Sunday, 22 May 2016

Why The Mainstream Grammatical Tradition Treats Indeterminacy As The Exception

Halliday & Matthiessen (1999: 548-9):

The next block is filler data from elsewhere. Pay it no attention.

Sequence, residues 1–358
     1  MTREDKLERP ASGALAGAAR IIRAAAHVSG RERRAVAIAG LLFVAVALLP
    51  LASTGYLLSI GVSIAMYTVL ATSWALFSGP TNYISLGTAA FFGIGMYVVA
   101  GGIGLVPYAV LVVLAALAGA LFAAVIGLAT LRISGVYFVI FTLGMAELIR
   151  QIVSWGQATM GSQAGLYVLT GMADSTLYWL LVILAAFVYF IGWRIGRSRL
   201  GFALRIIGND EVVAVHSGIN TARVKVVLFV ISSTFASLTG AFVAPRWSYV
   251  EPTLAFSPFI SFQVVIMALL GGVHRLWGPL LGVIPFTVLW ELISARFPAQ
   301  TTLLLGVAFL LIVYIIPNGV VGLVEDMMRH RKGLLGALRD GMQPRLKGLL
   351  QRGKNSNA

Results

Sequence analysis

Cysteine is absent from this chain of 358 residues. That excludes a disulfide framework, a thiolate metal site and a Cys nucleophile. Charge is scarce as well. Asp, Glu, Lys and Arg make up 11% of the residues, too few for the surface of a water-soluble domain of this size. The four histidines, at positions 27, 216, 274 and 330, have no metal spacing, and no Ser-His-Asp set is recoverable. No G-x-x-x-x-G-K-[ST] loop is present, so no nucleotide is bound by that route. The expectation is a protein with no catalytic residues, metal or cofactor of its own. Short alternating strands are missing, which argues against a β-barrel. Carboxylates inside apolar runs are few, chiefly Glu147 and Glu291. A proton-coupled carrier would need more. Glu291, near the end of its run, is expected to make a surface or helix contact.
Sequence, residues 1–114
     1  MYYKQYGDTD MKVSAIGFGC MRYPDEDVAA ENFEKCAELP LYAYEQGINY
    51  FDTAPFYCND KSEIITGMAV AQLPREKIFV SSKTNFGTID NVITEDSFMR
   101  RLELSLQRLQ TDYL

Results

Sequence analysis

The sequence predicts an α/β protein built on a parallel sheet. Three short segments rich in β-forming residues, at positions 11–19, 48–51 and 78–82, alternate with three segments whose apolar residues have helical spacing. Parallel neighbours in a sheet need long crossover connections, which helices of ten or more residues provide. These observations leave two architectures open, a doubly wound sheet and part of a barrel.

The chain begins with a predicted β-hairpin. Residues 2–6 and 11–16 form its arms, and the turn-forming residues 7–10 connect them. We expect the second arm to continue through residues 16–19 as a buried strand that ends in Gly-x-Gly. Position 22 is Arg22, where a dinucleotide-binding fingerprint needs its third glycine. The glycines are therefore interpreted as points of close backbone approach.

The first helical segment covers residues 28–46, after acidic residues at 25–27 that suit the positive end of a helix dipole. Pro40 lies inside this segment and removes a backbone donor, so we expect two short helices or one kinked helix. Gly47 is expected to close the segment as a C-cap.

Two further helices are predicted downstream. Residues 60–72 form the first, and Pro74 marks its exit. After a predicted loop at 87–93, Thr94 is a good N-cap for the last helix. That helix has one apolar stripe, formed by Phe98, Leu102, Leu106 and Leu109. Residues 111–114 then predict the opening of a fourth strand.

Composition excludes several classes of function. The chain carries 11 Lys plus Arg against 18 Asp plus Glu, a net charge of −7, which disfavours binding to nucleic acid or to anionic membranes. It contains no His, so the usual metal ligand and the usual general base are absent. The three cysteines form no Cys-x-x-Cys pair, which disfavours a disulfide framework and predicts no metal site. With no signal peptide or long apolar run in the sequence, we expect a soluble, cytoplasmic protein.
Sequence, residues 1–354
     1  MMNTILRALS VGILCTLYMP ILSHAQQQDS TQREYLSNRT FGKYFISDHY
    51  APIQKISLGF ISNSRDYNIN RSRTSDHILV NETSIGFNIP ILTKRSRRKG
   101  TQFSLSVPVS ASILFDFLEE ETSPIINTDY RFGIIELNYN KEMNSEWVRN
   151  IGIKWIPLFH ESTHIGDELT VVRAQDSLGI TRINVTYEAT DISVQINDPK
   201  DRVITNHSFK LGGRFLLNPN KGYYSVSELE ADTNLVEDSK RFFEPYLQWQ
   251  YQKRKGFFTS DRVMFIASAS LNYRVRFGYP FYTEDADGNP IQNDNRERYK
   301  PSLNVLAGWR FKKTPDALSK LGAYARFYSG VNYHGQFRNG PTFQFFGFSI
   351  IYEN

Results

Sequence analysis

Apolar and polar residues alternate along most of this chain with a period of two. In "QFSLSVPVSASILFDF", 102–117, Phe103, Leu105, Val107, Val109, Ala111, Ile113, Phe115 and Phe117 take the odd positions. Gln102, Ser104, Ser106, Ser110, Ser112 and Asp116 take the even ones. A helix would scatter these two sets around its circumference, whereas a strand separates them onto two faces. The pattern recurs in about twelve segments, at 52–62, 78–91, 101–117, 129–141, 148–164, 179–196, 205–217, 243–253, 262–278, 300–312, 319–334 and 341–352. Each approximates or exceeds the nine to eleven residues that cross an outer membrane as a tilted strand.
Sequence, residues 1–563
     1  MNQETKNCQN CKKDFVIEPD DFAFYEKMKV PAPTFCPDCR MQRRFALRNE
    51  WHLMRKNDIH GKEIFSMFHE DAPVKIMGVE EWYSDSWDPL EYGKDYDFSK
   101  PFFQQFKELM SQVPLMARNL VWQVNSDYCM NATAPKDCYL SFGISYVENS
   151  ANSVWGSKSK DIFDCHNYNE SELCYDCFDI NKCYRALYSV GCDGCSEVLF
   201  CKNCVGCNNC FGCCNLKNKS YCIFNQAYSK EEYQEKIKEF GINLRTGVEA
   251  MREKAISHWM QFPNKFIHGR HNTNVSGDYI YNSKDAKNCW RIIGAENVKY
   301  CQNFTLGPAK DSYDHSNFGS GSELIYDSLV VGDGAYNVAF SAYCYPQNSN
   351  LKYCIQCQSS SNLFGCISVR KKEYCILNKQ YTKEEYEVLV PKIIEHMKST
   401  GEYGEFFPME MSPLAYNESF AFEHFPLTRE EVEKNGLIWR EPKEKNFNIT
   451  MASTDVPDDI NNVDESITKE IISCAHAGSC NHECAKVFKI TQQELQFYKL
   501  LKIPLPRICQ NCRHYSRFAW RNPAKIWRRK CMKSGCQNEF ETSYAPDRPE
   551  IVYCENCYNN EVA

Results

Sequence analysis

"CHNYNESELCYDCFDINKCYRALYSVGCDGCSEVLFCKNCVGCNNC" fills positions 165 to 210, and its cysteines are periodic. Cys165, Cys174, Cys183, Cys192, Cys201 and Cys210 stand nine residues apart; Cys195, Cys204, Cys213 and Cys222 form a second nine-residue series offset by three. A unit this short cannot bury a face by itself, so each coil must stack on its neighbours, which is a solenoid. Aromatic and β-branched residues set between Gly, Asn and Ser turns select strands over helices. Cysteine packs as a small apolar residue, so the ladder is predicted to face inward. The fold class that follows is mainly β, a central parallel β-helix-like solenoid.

But even non-metaphorical forms of writing construe with greater determinacy. We may cite two very pervasive distinctions between spoken and written discourse. On the one hand, writing construes the text into clear-cut constituents, marked off by spacing and other forms of punctuation; in spoken language there are no clear beginnings and endings in the expression (we cannot refer to pauses, since they tend to occur at transition points before something that is less predictable; pauses seldom mark the text's grammatical boundaries). On the other hand, many interpersonal and textual systems are realised in speech by intonation, and most intonation contrasts are gradual rather than categorical. Thus both syntagmatically and paradigmatically written language tends towards greater determinacy; hence our received model of language, in the mainstream grammatical tradition, emphasises clear-cut constituents and classes. Not that it has no tolerance at all for mixed and intermediate categories; but it treats them as the exception, not the norm.